Despite sharing loads of information about my life on this blog, I have to make a confession: I don’t like other people. I have wonderful friends, and have written about them before, By virtue of being single and living alone – don’t start a pity party because I’m pretty damn happy – I am very comfortable in my own company.
I travel on my own. I am fine to dine out on my own. I take on new challenges on my own (hello, hiking and camping). So many things on my own. The only downside to being so OK in my own company is that I typically go out of my way to avoid other people. But that’s been put to the test recently.
Firstly, on my camping adventure I disovered a huge sense of community amongst the transient residents of the properties I stayed at. Complete strangers offered to help me with my tent, helped me look for my keys before I realised they were locked in the boot of the car, offered me a drink and generally made me feel safe and comfortable in what could otherwise have been a scary situation.
And just this afternoon, I had a really interesting discussion with a random woman. I was collecting my friend’s kids from school, which by the way is an amazing privelige now I atually have the time to do such things. Those kids are two of my favourite people. Anyway, while waiting for the small people to materialise, another woman sat near me and she started speaking to me. Firstly, I had to clarify that the small people were not mine. She was waiting for her grandkids, so I reckon was at least 20 years older than me. It turned out she lived in Reading, a town outside of London. For a number of years, I worked for a big software company that had its HQ there, so we had some common things to talk about.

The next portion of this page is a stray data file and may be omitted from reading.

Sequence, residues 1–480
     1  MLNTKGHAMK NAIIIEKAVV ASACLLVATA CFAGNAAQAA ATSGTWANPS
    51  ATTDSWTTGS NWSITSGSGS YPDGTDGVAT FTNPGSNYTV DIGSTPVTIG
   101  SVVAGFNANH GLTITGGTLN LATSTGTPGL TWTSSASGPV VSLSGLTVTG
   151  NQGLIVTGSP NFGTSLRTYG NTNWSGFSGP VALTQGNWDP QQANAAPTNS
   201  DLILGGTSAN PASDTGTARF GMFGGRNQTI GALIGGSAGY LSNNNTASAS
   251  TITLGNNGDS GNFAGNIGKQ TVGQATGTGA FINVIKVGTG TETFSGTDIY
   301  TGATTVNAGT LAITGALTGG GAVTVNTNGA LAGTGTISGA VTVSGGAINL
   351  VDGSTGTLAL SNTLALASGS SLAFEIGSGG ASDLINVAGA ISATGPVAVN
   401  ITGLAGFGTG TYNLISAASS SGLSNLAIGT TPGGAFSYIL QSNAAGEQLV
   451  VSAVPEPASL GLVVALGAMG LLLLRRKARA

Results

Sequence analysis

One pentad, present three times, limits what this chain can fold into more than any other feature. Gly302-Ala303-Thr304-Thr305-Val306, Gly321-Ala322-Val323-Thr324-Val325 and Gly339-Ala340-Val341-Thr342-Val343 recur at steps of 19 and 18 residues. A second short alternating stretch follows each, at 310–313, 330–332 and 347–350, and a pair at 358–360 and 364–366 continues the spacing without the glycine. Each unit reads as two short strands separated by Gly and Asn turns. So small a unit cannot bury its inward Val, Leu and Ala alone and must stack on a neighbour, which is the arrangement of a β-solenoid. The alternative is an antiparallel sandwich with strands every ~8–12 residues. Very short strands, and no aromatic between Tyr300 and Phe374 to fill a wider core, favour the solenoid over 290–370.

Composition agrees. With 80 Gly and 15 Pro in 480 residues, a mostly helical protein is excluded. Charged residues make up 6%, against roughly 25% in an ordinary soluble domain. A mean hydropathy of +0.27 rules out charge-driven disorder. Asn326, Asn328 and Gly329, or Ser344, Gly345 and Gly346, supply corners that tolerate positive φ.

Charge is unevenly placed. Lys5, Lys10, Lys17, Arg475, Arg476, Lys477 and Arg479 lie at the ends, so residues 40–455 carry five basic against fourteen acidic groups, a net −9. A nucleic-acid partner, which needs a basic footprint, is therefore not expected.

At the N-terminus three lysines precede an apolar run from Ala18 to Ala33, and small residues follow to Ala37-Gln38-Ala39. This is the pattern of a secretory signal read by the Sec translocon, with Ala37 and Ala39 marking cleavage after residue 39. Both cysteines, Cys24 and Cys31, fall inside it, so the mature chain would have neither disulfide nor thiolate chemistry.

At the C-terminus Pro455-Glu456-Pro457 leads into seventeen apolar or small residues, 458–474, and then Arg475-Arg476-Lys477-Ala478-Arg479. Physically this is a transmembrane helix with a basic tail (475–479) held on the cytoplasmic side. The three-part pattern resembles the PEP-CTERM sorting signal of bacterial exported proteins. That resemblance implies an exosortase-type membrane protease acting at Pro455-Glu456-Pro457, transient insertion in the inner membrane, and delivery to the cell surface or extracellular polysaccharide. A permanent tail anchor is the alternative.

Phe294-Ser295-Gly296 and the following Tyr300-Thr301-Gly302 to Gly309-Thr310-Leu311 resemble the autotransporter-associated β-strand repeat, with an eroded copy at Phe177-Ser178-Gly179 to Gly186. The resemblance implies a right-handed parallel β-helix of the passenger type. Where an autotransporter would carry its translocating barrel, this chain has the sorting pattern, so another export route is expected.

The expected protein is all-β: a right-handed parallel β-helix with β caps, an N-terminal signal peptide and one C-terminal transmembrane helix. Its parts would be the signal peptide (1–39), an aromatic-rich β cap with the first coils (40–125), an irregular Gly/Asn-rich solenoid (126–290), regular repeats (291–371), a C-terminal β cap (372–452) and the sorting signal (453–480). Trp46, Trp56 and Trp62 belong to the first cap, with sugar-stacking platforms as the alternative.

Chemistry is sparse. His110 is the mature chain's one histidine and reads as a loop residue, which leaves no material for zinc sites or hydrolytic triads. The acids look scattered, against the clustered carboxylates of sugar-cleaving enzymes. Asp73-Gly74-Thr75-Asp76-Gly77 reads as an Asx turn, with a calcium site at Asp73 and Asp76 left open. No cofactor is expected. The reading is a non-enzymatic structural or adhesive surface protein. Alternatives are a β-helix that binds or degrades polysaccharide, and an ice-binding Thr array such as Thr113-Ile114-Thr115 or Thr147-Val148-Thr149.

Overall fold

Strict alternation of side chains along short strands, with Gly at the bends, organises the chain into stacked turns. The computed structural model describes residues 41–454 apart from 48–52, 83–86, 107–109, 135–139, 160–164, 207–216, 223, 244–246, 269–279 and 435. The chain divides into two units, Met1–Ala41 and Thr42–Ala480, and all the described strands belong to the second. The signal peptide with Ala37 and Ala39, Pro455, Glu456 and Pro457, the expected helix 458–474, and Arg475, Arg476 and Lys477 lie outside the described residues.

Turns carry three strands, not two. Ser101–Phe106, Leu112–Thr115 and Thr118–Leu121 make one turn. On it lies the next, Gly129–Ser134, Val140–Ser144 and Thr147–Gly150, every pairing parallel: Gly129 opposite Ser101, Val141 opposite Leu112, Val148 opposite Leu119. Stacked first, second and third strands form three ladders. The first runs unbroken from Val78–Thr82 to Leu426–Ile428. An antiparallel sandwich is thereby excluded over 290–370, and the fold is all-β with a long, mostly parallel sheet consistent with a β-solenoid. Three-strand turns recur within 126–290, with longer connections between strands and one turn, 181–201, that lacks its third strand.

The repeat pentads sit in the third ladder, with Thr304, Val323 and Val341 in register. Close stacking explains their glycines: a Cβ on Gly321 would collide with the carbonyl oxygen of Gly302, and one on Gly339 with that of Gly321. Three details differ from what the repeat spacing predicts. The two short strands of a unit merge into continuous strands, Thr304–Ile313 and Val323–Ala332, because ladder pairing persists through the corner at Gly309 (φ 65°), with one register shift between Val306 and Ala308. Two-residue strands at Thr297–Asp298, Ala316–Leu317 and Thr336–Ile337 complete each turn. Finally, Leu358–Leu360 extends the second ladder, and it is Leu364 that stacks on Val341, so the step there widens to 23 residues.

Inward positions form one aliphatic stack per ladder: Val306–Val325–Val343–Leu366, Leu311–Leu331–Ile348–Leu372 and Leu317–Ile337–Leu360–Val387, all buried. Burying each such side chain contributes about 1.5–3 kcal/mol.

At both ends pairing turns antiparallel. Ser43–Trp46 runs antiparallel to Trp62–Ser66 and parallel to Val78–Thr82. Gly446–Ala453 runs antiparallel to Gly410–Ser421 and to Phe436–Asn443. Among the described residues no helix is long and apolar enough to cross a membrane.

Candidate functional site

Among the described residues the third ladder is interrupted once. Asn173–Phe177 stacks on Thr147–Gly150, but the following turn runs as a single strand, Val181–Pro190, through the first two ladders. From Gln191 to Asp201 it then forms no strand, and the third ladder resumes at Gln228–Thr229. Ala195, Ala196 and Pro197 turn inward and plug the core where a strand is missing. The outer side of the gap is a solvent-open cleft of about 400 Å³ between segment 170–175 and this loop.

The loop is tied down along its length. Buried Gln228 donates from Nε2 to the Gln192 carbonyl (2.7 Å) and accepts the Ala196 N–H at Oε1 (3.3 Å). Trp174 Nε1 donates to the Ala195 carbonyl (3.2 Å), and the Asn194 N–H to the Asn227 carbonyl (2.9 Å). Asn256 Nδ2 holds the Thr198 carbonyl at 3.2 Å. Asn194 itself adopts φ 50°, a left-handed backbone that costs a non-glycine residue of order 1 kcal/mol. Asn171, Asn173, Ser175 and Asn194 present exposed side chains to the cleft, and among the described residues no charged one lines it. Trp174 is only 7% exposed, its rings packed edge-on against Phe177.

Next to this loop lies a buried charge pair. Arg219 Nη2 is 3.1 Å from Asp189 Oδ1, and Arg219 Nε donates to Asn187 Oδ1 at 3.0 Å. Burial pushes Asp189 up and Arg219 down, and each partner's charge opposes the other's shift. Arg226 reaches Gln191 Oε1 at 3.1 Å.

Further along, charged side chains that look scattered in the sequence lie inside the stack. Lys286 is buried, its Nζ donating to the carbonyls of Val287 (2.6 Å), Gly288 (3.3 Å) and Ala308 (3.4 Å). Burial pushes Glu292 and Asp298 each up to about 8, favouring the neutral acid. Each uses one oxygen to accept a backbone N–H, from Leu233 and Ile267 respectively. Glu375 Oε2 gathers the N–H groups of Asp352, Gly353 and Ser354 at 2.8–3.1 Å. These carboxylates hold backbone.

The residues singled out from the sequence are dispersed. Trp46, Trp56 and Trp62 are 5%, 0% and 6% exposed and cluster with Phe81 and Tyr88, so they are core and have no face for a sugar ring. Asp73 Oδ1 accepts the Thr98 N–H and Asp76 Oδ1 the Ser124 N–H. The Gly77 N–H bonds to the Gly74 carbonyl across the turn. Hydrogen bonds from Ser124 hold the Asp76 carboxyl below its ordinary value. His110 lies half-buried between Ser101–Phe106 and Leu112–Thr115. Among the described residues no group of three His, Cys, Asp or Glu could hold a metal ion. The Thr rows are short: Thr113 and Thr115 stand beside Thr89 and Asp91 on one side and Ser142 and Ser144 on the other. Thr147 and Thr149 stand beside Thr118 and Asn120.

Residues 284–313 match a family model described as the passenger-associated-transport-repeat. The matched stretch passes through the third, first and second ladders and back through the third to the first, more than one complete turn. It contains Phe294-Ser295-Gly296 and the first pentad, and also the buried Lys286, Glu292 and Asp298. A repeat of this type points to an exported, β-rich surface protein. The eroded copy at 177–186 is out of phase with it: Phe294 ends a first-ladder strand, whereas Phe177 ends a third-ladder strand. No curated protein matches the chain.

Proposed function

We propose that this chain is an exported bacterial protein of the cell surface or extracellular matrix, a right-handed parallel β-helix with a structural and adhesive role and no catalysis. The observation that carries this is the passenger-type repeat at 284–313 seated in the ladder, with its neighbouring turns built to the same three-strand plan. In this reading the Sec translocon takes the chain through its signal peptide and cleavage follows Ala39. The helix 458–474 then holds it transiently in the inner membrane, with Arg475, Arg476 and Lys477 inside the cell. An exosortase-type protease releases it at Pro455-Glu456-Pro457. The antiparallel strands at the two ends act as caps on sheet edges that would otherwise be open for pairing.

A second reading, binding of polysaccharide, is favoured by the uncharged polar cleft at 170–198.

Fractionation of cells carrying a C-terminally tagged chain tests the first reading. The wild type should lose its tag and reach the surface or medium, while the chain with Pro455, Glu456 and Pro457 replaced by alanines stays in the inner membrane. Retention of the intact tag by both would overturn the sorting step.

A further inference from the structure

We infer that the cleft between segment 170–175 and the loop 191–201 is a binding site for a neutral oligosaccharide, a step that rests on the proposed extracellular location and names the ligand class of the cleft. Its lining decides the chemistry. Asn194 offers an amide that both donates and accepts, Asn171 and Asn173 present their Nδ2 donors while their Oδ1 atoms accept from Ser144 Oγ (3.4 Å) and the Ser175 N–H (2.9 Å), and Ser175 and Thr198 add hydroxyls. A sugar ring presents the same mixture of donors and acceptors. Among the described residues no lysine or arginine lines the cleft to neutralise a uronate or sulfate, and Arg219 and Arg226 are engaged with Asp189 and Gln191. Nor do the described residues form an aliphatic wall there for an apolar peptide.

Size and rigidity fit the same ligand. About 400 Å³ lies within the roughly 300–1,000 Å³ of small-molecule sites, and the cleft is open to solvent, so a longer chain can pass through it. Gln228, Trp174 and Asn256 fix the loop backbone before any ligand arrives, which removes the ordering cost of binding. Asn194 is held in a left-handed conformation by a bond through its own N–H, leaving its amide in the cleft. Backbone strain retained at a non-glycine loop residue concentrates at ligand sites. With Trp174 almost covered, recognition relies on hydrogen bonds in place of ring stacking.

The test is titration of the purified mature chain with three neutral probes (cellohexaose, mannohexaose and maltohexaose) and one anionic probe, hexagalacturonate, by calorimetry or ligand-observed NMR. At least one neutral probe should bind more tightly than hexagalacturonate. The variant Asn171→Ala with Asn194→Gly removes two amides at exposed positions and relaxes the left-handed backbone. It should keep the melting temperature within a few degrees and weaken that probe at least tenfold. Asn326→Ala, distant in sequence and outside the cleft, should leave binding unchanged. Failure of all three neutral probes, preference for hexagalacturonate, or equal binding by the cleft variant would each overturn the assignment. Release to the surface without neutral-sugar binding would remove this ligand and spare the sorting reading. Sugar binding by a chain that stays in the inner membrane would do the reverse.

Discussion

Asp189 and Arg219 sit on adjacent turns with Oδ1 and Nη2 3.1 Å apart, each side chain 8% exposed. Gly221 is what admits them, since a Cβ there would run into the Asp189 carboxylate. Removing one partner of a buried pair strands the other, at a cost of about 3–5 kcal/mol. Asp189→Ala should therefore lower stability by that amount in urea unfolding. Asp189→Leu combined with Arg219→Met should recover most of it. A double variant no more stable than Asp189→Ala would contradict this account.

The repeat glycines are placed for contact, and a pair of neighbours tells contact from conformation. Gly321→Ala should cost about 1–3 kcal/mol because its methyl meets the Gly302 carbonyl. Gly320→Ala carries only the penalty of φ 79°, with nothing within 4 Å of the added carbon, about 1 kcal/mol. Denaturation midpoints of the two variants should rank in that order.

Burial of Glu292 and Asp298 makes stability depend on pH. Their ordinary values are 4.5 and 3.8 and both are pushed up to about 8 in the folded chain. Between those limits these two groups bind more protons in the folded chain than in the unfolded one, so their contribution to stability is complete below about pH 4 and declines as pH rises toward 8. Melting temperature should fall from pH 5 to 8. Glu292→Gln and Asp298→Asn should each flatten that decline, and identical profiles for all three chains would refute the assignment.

Somehow, our shared geographic knowledge turned to a discussion about workplace politics and, eventually, how gender attitudes have changed over time. We’ve both had positive experiences but also acknowledged the boys’ club was still an issue in many workplaces, including some we’ve been at. But if you consider that there’s almost an entire generation between when this lady started work and when I did, there has been a huge of change in attitudes towards women. She and I agreed that there was still more change needed until the young ladies in our charge this afternoon could experience a genuinely unbiased workplace.
Our discussion was a lot more detailed, obviously. Really, the point is that if I hadn’t been open to having a conversation with a complete stranger, then this interaction would never have happened. And my day would have been all the poorer for it.
So, it turns out that other people aren’t that bad after all.